Another highlight was a home visit from Bronwen's Gaelic singing class, (see last blog) including the tutor Ishbel MacAskill, who were out and about and came in for a cup of tea and to sing to myself and my dad - though I had been at the concert the night before.

On the house front, the fencing man has turned up for a look and to figure out what materials are required - he claims he will be back next week, but that could be an Islay week. This also forced me to actually measure the boundaries again and I'm now quite close to the measurement on the deeds, so that should do - its more difficult than you think when there is no fixed starting point at all. Otherwise the builder has sheepishly confessed to leaving out the costs of the bathroom fittings, which I told him he'd missed, but he insisted were included, so a slight increase on the costs. No bill as yet for the house painting and I'm still chasing the electrician for the remaining missing heater for the bathroom. The polytunnel has arrived but I'm waiting for the fence to go up before I decide its final position.

We are also having fun with the VAT man, trying to claim back the VAT we've paid out on the house kit and other stuff. They only had two queries - first demanding our bank details to pay the loot into, despite the guff saying they'd send a cheque - and indeed nowhere on the form to tell them the bank details. The only other query is they want to know how much was for the house and how much for the garage - goodness knows why.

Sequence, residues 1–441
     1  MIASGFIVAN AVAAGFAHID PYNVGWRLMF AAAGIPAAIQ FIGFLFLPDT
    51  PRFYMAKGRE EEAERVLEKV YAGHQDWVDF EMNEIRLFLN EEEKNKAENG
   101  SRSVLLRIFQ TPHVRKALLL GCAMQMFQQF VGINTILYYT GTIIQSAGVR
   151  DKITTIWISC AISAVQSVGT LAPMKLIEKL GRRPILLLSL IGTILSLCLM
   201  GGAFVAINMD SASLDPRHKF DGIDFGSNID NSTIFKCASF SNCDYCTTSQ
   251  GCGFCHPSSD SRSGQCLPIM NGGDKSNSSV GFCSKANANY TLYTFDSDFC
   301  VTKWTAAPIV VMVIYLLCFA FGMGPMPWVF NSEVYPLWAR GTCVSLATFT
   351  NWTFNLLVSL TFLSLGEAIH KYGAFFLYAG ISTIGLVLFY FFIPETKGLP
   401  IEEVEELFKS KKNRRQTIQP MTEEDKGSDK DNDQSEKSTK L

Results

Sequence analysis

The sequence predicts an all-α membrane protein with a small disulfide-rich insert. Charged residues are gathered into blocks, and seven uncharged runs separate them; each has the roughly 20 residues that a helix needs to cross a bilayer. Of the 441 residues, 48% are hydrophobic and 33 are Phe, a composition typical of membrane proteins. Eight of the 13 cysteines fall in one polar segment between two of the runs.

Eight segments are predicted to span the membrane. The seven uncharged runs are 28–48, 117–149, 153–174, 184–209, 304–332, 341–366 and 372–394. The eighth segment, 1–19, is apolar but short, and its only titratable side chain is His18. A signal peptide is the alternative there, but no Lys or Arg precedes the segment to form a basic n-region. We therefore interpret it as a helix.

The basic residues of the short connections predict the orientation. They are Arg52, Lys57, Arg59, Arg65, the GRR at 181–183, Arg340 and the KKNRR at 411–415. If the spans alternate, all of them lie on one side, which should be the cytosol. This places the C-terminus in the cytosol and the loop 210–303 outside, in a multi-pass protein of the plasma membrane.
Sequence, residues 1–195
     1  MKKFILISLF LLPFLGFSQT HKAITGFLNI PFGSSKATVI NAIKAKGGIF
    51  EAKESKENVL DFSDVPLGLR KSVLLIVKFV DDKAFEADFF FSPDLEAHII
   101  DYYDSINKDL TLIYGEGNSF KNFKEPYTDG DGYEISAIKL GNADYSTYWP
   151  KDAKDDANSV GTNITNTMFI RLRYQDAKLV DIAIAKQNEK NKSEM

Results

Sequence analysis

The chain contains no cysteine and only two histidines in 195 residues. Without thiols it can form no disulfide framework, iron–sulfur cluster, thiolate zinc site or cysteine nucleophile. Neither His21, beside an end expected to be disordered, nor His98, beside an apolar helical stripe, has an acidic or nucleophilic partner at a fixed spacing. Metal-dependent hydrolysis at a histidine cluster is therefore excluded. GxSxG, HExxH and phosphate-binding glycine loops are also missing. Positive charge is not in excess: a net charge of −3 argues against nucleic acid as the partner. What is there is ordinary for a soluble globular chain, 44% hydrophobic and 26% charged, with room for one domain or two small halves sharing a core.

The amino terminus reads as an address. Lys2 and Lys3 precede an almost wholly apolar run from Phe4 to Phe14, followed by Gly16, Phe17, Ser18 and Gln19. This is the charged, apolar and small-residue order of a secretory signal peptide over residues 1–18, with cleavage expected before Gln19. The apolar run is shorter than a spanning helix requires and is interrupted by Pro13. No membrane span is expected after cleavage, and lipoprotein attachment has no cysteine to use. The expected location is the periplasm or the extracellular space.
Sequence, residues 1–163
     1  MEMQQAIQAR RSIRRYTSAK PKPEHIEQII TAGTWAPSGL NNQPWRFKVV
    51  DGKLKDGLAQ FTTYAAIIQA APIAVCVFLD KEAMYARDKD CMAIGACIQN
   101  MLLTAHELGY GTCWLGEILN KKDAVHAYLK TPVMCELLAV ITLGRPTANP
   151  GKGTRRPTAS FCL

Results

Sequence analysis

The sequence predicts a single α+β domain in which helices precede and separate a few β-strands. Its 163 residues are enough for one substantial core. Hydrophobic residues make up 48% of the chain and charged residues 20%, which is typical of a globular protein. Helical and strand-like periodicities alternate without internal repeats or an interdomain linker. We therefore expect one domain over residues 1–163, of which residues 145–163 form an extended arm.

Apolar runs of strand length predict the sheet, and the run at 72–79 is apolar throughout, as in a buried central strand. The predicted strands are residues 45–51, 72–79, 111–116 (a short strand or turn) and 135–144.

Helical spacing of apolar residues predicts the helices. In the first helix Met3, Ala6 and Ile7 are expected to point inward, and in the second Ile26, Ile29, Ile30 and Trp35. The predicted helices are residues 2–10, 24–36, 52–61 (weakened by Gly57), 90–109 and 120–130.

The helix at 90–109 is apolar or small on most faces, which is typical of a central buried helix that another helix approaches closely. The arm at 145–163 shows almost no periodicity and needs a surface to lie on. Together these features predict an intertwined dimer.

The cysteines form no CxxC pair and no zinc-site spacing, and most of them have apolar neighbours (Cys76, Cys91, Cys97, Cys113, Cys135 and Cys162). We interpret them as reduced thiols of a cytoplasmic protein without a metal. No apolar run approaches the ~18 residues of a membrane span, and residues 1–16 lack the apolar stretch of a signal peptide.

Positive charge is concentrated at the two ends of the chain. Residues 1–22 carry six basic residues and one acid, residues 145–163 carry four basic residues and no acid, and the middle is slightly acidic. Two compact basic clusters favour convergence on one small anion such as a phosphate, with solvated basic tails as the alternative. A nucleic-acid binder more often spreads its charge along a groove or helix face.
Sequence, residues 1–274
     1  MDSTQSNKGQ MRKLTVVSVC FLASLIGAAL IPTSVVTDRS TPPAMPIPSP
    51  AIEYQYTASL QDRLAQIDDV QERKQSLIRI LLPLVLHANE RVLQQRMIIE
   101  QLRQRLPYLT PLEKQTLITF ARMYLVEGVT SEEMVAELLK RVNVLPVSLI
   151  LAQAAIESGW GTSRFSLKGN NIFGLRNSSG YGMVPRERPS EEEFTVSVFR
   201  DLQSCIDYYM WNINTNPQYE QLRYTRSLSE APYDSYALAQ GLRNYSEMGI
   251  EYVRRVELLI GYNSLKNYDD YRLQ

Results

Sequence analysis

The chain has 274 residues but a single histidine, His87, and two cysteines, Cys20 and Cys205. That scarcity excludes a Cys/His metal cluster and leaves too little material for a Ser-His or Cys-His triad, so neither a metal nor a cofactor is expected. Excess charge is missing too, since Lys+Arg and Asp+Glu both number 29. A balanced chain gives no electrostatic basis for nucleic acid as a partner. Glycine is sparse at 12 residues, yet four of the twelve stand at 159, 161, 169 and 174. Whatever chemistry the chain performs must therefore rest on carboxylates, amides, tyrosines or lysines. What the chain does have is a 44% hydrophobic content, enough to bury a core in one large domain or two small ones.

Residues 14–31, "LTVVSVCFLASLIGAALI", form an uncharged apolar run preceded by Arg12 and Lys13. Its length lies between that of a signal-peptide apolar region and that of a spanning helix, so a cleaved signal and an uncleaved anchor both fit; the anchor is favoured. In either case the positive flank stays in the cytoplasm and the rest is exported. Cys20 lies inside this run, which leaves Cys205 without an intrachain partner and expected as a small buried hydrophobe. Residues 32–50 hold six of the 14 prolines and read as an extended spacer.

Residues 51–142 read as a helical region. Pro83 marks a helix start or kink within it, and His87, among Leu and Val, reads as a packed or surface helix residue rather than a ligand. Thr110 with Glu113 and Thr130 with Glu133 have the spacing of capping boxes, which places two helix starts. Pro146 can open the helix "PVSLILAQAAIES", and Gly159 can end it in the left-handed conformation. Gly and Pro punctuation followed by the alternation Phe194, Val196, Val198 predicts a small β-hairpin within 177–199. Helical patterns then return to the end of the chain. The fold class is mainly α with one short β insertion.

Otherwise life continues at a relaxed pace. I am now officially on the Bridge Club committee and am getting dangerously close to the golf club one. We had our neighbours Jackie & Dougie round a few nights ago and had an impromptu bit of fiddling (Jackie being a very good fiddler indeed).

Friday, 11 July 2008

What Bron's been doing

There's been a theme running through my 3 months on the island. Though I 've done a good bit of digging in the garden, climbed a few hills (see a couple of posts ago) and done the usual domestic things, the rest has been virtually wall-to-wall music. Won't my big sis be proud of me! The past two weeks has been no exception. First there were 3 days of fiddle-playing at Ionad Chaluim Chille Ile - the Gaelic college - taught by a young and brilliant neighbour here at Conisby. Very inspiring, but I do need to practice! Then I went off to Glasgow for a few days with Roz for the wedding of a couple of young friends. Then back home and into 5 days, again at ICCI, of Gaelic song with Ishbel Macaskill. Huge fun, and I've gathered a number of new songs to learn and had a tremendous week. I do seem to have spent an awful lot of time memorising song lyrics since I arrived, but I'm sure it's all a good Alzheimer's preventative.

So I've no idea what Scott's been up to and will be interested to read his next posting! We seem to have a few clear weeks coming up now, before the next visitors arrive, so we plan to spend some of it together exploring a bit more of "our" island. Can't do much more in the garden until the fencing arrives. Yes... we still have a patio full of sheep!